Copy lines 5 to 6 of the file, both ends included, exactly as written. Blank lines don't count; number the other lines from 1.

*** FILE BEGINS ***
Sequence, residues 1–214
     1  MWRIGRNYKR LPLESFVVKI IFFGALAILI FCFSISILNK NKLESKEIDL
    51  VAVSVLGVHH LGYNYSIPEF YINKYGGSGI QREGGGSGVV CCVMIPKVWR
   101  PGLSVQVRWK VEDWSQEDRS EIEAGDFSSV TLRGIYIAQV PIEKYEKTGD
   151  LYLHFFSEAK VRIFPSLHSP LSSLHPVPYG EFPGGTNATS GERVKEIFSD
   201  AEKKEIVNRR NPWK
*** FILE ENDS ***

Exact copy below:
   151  LYLHFFSEAK VRIFPSLHSP LSSLHPVPYG EFPGGTNATS GERVKEIFSD
   201  AEKKEIVNRR NPWK